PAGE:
Some of you might know that I took a vacation in September to go camping in the mountains of Colorado.
I had some personal business to conduct and some social contacts to develop, but I had a lot of time for simple recreation. One day, a fellow camper recommended a 4- wheel drive road to the top of a nearby pass. He said that some low clearance vehicles had some problems, but I should be ok in my Jeep Wrangler. The road was only 5 miles in length from my campsite to the top of the pass so I thought it would be easy. My Jeep was two years old, but I hadn't done much real 4-wheel drive work. I figured it would be a good test and a good education.
The first half-mile of the one-lane road was like a roller coaster ride: short, but steep microhills in the dirt road. I handled that easily. But then came some intimidation: The road was snuggled up against the side of the mountain with a 500' drop-off right outside the driver's window. Only a few thin aspen trees would slow you down if you rolled off the edge. And, no, there was no guardrail. I slowed to a snail's pace to handle this section of the road with care.
Soon the quality of the road deteriorated. It went from rough bare stone to insanely rough bare stone. It was like riding perpendicular across railroad tracks. Only the tracks were just a few inches apart, at different heights and uneven. My seatbelt snapped tight every few feet as the Jeep tossed around. I thought I could be a little safer if I stayed to my right, away from the edge of the road. But the road had been blasted from solid rock and the inward side was higher than the edge side. So when I tried to get safer by avoiding the edge, the Jeep started leaning more and more toward the edge.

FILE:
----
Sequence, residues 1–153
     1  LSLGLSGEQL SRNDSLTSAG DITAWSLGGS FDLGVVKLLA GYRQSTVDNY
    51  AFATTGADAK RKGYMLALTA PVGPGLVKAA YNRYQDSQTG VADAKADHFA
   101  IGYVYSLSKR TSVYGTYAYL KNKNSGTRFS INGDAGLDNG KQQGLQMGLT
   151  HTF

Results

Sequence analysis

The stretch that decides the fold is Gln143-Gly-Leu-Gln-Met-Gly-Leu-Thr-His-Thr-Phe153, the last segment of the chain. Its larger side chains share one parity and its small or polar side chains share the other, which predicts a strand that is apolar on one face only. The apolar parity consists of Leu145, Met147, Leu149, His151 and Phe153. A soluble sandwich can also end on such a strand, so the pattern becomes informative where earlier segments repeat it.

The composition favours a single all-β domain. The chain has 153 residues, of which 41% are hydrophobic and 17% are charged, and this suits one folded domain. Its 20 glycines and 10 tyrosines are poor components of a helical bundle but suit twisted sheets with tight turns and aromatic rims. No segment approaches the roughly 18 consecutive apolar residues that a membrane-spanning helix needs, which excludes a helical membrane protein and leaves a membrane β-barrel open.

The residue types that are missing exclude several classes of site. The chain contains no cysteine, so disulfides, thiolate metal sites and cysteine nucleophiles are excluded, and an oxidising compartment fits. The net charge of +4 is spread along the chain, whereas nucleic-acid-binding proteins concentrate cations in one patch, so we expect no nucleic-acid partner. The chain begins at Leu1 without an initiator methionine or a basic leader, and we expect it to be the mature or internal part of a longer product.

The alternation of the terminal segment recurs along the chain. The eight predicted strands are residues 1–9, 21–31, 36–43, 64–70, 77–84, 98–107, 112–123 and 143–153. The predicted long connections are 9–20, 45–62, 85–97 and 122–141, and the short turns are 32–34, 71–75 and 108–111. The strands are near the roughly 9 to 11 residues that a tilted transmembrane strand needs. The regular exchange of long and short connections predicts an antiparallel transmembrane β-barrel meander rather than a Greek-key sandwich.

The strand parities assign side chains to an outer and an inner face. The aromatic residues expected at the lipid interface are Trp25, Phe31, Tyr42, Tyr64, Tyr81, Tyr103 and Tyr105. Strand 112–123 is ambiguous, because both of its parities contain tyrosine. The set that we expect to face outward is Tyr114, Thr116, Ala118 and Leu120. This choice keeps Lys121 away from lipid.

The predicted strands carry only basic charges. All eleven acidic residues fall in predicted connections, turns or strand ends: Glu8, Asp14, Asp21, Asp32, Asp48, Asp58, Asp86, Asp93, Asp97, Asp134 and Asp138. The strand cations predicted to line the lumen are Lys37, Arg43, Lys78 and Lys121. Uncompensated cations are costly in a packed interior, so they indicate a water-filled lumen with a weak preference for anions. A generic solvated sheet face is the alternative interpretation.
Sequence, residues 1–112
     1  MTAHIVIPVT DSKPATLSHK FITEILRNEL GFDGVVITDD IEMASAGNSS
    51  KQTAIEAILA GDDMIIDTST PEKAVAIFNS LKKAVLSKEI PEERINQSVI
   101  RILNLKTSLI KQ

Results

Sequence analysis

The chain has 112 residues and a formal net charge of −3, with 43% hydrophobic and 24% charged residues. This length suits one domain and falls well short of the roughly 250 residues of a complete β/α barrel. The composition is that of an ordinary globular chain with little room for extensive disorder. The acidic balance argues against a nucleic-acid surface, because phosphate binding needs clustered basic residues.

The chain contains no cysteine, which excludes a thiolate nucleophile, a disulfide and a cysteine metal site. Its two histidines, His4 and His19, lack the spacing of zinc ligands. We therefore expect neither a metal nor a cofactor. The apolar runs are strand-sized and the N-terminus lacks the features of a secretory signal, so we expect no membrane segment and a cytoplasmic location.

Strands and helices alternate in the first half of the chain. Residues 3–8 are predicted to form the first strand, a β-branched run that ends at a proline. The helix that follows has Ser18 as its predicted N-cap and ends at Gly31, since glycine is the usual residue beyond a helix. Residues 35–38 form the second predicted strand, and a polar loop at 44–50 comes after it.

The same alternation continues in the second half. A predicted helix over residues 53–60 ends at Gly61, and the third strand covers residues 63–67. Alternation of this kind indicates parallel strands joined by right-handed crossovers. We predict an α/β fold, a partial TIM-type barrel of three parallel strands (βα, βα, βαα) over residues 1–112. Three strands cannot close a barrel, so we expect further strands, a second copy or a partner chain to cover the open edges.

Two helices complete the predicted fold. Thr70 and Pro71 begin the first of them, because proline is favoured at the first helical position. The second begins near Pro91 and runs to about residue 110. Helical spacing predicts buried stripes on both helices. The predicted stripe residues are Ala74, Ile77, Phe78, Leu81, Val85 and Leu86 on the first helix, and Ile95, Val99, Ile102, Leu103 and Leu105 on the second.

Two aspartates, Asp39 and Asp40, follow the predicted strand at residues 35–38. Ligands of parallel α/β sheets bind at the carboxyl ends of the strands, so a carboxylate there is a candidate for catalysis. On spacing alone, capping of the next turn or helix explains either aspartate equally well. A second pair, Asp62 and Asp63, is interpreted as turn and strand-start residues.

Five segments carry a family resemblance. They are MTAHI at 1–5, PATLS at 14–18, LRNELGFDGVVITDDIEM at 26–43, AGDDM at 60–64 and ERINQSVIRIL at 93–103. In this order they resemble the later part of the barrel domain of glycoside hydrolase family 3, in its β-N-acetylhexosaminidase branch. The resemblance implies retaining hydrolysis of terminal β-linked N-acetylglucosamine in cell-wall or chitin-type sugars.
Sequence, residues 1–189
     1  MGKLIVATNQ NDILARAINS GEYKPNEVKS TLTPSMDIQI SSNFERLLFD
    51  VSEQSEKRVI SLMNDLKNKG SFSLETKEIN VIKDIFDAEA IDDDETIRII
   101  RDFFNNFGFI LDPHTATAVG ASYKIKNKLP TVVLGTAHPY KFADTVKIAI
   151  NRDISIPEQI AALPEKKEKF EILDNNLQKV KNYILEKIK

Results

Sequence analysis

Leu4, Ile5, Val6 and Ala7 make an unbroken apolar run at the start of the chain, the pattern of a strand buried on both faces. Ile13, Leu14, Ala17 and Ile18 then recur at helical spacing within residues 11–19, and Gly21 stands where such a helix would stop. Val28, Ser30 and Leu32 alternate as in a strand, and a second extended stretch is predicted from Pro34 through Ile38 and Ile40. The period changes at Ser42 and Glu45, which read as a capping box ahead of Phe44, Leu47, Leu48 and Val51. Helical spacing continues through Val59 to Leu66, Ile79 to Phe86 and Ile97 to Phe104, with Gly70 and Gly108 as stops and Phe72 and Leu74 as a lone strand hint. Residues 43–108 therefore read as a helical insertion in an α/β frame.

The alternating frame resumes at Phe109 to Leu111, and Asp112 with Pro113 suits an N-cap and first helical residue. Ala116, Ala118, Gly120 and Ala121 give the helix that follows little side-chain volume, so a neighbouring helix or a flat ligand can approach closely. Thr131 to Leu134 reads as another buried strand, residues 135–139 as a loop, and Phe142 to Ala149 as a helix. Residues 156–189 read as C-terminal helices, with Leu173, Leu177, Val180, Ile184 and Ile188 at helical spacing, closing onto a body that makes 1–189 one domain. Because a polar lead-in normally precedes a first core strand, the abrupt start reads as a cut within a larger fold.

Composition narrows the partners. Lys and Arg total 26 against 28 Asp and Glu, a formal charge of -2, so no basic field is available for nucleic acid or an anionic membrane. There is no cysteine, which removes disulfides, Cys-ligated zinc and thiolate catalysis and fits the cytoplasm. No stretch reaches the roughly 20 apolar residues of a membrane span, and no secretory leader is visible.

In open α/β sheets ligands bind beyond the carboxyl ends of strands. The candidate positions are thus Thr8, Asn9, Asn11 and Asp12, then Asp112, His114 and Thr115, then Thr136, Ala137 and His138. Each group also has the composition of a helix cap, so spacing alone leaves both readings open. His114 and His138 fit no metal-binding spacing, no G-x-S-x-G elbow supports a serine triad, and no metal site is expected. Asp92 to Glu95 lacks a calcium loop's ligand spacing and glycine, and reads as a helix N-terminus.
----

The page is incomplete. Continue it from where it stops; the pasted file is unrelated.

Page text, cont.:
Then I learned another scary fact: If I went too slow or too fast, the wheels would slip on the sand (too slow) or gravel (too fast) on the bare rock road surface. I wanted to get through quickly and at the same time, I wanted to be very careful. But I didn't have a choice - the road and physics would dictate my pace.
A couple of times, I felt like my wheels got stuck. Rather than just gun the engine, I decided to get out and look under the car to see what the problem was. Both times, after determining it was ok to keep moving, I found myself looking up at the Jeep as it leaned toward me and the edge. I was never more careful and graceful in gliding back into the driver's seat. I really wished I hadn't started on the road - I wanted to go home. But backing up was not a choice because I couldn't see clearly and the road wouldn't let me turn around. Once again, my only choice - forward - was made for me.
I decided on another strategy before I tipped over down the mountain. Instead of avoiding the edge, I tried driving right on the very edge of the road. The road dipped a little in the middle, so when I was on the outside edge, the Jeep leaned a little away from the edge. It was counterintuitive, but after 100 yards or so, I had confidence in that approach.